The HighEFF ambition is to be a platform for innovation for energy efficiency in the industry. Our main targets are to implement new and novel technology and knowledge in addition to value creation for the Norwegian industry through 15-20 new novel emerging concepts for energy and cost-efficient industry plants, heat recovery and utilization of surplus heat.
- Shape the innovation strategies and technology roadmaps for the industry to ensure a consistent direction towards national and international energy- and emission targets
- Communicate centre activities and results internally, to stakeholders, legislator and to the public.
- Enhance the knowledge on barriers and enablers for collective innovation processes.
- Allocate funding for at least one Novel Emerging Concept every year.
The recommendations pointed out by the expert group "FME Innovation Task Force" in 2018 are followed up by the HighEFF team. Special attention has been given to systematisation and registration of innovations as well as visibility of innovations internally and externally.
HighEFF have worked to facilitate for innovations through the following:
- Defining criteria for what an innovation is
- Dedicating an internal workshop to the topic innovation and presenting the actual innovations in HighEFF so far
- Systematic reporting of innovations through Annual Work Plans (AWP), status reporting and communication internally and externally
- Centre calls for Novel Emerging Concepts (NECs)
- As part of one dedicated research area in HighEFF, RA5 Society, covering innovation strategies and enablers and barriers for innovation in FME Centres and in the point of intersection between research/academia and industry.
In HighEFF the following criteria and definitions of innovation is agreed on:
Innovation can be a product, a technology, a component, a process or a sub-process, a model or sub-model, a concept, an experimental rig or a service that is new or significantly improved with respect to properties, technical specifications or ease of use. Innovation can also be new application of existing knowledge or commercialization of R&D results.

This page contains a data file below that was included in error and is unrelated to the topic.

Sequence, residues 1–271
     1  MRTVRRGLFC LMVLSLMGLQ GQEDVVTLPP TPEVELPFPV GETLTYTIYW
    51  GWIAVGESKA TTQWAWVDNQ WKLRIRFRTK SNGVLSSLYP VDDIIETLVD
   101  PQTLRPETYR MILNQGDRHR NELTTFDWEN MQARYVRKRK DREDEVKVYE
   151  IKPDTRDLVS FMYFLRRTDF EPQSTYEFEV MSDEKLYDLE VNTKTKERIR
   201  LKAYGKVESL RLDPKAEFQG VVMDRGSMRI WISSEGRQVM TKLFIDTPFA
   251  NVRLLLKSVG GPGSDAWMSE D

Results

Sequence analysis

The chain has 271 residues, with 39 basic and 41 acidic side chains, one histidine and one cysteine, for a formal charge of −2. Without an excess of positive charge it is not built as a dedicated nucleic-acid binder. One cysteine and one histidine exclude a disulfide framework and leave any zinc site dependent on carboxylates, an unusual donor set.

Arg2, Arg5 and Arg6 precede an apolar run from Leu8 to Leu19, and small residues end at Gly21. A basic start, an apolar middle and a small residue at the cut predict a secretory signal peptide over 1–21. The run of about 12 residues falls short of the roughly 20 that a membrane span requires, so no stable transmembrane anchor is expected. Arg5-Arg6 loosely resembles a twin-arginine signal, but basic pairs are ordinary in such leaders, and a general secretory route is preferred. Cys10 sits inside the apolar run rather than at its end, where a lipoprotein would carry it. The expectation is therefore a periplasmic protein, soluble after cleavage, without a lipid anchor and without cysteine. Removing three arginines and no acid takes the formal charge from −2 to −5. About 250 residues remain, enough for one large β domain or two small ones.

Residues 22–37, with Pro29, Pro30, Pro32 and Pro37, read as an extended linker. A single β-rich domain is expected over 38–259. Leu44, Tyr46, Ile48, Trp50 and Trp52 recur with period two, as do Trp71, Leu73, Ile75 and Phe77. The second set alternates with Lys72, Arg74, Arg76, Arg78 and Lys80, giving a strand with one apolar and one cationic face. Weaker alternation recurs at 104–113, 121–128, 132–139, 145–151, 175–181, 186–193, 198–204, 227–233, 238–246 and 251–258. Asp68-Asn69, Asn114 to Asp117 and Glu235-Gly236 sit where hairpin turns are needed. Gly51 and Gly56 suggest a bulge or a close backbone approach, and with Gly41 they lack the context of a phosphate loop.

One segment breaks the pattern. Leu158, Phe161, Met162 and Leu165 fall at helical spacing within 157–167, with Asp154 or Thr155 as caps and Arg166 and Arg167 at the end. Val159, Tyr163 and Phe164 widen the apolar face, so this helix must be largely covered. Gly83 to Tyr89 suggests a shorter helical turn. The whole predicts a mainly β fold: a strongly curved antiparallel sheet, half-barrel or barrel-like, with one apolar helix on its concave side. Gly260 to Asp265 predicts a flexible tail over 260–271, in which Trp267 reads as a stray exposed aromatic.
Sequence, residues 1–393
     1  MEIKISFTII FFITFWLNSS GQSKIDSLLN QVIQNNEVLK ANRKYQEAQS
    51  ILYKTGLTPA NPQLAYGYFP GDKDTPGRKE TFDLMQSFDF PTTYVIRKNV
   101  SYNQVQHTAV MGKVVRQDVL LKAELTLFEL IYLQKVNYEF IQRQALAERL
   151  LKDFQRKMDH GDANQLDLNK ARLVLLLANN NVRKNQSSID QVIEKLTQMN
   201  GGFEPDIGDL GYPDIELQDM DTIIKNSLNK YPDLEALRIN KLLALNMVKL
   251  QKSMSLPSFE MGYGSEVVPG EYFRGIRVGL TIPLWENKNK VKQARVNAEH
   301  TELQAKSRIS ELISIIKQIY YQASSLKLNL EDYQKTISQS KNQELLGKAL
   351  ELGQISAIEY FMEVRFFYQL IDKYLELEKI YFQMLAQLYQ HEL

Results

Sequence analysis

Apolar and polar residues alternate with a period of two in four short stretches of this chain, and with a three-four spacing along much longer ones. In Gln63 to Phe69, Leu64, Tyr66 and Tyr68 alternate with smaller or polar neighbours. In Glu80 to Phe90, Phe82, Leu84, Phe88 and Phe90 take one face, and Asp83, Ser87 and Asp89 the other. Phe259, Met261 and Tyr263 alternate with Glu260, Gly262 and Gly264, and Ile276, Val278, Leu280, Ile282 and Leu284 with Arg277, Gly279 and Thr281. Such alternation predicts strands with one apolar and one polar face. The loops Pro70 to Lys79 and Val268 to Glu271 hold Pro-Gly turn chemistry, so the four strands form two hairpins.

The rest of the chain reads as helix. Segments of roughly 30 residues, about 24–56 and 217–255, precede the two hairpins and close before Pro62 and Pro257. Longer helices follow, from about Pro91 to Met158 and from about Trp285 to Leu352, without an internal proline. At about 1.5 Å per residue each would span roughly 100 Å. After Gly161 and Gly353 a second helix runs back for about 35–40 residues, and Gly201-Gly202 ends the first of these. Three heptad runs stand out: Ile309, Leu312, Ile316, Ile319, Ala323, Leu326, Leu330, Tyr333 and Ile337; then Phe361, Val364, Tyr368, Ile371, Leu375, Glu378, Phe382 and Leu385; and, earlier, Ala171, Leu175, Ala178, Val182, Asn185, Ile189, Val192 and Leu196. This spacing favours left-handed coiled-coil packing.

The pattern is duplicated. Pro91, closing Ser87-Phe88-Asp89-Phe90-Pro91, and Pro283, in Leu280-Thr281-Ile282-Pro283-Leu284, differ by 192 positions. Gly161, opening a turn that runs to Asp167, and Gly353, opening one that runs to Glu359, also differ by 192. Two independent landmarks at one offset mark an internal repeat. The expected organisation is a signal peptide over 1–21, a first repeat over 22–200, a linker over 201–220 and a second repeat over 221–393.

The innovation should be adopted by somebody or be ready for utilization provided that it is made probable that the innovation will be utilized within a limited timeframe.
When an HighEFF innovation is recorded the probability of success and impact is evaluated simuntaneously. If both criteria are high, the development of this innovation will continue with considerable effort.
Possible new ideas for innovations are examined by the management team yearly and updated status of already registered innovations and those under development are updated. At this point of date 36 innovations are registered in HighEFF. Specific innovations covering reduced emission and energy consumption in industry processes are summed up in "one-pagers". Illustrative presentations are easy to communicate and have a broad impact.
Novel Emerging Concepts
The internal annual funding of "Novel Emerging Concepts" (NEC) helps to strengthen innovation at the centre and allows for the development and testing of new ideas. The R&D partners can propose projects together with industry if possible, based on established criteria. 1.5 MNOK / year has been allocated for this scheme. So far, FME HighEFF has launched 3 new NEC projects.
To further emphasize innovation in HighEFF, and make room for new ideas, the yearly funding of Novel Emerging Concepts (NEC) will continue.
Using additive manufacturing for developing and testing novel heat exchanger concepts (HighEx)